This is a rework of the notes I took in an Open Space session with the title: What does ‘results’, ‘knowing’ and ‘sensing’ mean in the complex domain? – implications for harvesting (July 2015 at Beyond the Basics in Leicester, UK).
Since quite some time – years really – I have been following Chris Corrigan’s journey into the teachings of Dave Snowden and his Cynefin framework. If you haven’t looked into it, please do; as all people who I have explained it to, even with my limited understanding, are enthused as the model really tells something important: it tells in grand detail the differences between obvious, complicated and complex domains (and of course more, but I am not going into that for now).
In the AoH network – and in mainstream society at large - we tend to be confused, or not having good distinctions, about the nature of the system we are working in (ontology) and what kind of knowing is applicable in any of these systems (epistemology). The Cynefin framework can really help with that! Knowing if you are in a simple, or a complicated or a complex situation is really important as it has many, many implications – especially for what we can know, how we can know it and what kind of decision we can and need to make.
We call a situation complex when there is no causal relationship between cause and effect. If you do action A, sometimes you will get a result B, at other times you will get result Z. When people are involved, it is always complex; think about how you deal with your child or your partner, sometimes they respond totally different to your same action! Even speaking of results is not appropriate in this context, as we need to understand that in the complex domain there is no (one) solution. Chris used the example of getting hunger out of the world, or getting climate change sorted… there is no solution possible, it is instead an ongoing work of sensing what is working and sensing what is less working. So then, what does harvesting means in this regard?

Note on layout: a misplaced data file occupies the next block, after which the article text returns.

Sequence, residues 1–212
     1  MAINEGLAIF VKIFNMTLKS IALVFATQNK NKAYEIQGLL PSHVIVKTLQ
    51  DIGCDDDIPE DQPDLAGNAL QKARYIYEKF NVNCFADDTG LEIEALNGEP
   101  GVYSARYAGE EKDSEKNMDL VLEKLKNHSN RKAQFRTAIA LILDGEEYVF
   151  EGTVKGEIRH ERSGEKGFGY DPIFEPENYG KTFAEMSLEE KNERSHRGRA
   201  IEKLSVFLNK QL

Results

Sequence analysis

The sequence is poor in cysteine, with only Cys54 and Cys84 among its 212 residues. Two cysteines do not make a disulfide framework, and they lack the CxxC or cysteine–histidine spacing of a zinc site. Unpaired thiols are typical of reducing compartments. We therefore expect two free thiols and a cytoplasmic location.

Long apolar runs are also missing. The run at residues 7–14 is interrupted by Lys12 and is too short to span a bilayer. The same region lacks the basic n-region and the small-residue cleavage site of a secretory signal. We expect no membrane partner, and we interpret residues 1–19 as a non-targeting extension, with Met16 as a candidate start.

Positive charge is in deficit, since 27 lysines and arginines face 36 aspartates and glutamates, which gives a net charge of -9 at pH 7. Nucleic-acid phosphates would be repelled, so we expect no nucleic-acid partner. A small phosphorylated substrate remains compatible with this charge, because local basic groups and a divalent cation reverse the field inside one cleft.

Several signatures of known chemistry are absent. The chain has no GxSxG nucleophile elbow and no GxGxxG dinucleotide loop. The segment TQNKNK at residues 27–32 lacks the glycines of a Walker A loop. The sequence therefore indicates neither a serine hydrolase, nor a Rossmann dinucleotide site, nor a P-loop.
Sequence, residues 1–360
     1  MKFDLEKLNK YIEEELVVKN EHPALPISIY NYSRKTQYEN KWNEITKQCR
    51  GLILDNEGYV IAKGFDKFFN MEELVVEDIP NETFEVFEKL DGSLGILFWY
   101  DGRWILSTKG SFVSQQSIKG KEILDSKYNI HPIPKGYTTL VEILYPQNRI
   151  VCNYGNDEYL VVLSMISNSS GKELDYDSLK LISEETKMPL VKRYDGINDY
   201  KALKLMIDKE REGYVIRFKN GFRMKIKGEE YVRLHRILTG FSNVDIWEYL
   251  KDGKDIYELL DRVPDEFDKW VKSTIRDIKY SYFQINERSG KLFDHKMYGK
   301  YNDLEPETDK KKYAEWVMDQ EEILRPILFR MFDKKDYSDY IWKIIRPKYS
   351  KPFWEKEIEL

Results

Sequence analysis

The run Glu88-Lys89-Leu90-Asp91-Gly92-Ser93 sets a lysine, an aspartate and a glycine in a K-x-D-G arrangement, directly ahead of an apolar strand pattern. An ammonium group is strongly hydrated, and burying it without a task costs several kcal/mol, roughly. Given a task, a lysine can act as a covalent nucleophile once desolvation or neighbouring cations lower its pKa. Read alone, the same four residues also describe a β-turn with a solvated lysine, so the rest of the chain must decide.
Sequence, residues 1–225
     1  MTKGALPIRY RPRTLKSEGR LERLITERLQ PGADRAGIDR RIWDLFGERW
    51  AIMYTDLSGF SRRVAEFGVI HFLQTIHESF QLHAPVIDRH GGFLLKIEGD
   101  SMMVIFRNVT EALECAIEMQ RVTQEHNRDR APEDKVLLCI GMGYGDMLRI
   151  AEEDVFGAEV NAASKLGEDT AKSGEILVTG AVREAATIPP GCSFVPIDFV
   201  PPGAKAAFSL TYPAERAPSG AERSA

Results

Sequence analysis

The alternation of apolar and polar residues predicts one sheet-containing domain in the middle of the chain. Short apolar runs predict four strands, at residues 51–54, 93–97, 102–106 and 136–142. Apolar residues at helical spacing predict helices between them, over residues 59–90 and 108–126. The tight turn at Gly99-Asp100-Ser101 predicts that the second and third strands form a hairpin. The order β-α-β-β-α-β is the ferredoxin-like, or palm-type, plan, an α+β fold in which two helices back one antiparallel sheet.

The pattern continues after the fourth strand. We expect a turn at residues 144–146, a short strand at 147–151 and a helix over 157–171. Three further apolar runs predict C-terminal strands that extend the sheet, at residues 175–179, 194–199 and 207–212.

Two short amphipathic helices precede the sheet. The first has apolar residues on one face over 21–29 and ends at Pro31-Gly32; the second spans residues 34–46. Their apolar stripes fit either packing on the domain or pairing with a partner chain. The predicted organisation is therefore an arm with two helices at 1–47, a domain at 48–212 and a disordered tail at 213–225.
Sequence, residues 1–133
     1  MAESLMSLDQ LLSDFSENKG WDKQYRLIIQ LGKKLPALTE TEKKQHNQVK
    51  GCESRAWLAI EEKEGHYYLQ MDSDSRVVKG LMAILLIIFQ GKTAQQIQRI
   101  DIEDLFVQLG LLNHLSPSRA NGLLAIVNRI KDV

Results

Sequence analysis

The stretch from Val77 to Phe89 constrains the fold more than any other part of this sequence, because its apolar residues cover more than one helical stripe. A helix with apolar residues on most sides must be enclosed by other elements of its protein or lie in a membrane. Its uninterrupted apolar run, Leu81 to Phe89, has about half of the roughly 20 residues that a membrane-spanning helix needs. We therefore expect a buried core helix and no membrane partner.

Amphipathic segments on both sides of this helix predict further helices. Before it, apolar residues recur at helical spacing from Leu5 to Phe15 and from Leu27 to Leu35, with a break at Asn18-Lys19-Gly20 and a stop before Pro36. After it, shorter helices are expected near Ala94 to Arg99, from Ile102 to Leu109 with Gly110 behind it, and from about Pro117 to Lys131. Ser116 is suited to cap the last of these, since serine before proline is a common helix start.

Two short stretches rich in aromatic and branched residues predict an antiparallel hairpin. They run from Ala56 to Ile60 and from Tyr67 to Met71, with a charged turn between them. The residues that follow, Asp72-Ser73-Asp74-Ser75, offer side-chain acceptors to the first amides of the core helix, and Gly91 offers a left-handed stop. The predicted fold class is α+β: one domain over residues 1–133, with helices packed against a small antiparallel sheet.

Chris mentioned a few principles from this framework, on how to work with DATA in complexity:
- Use fine-grained data objects – instead of letting people scribble on the flipchart paper in a World Café, give participants little post-it notes where they can note elements of importance for the issue at hand. In the language of the Cynefin framework they are called micro-narratives, or anecdotes. The point is to come up with data that can be used as bricks, not too small so that it is like sand and you cannot build with it, or not too big like boulders so that you can’t move them easily… the points is to be able to construct categories or slice the data in different ways; as there is no one good way to do that!
- Distribute cognition: instead of having the hosts, or if you are lucky the harvesting team, make sense of the data have the group collectively do it. This means: build in (way more) harvesting processes in the design – in other words: host the harvesting. Let people do it in many small groups to prevent some kind of group think where you loose the details and the voices from the edges. In Cynefin language: prevent premature convergence.